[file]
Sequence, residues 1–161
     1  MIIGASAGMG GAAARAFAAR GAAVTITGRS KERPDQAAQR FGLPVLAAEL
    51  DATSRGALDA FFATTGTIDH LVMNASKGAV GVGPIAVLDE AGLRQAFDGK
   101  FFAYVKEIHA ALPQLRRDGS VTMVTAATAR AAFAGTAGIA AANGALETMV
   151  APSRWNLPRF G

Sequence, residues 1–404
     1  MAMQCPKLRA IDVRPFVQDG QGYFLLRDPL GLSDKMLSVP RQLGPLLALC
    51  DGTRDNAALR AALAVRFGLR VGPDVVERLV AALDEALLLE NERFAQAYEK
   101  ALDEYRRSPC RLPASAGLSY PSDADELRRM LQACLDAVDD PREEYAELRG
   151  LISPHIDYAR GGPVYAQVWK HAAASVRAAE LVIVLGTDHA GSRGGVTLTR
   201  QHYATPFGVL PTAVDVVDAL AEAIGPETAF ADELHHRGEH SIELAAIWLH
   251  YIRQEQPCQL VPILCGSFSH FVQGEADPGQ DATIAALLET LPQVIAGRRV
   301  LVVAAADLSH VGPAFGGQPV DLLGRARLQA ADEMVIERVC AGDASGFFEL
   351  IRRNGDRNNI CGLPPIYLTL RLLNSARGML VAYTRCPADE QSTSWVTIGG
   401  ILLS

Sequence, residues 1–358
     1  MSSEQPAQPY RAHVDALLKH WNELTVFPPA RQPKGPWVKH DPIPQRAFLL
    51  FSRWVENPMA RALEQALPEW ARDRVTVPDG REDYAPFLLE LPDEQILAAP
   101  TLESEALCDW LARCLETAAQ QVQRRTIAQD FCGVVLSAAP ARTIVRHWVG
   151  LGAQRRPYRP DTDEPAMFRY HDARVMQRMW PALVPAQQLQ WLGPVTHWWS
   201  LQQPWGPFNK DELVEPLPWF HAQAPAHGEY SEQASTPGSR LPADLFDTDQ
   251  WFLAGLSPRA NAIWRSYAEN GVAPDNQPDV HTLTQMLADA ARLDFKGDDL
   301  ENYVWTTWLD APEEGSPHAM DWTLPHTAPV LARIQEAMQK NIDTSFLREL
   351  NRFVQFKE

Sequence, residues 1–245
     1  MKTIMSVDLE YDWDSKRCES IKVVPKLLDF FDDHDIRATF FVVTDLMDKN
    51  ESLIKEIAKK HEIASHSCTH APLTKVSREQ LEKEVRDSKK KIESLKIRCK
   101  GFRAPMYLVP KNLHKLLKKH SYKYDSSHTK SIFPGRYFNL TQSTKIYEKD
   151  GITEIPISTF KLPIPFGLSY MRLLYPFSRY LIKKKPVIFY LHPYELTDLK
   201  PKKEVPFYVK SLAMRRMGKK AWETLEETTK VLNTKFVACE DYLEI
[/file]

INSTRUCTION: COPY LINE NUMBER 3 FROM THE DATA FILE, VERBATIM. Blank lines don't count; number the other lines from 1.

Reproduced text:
    51  DATSRGALDA FFATTGTIDH LVMNASKGAV GVGPIAVLDE AGLRQAFDGK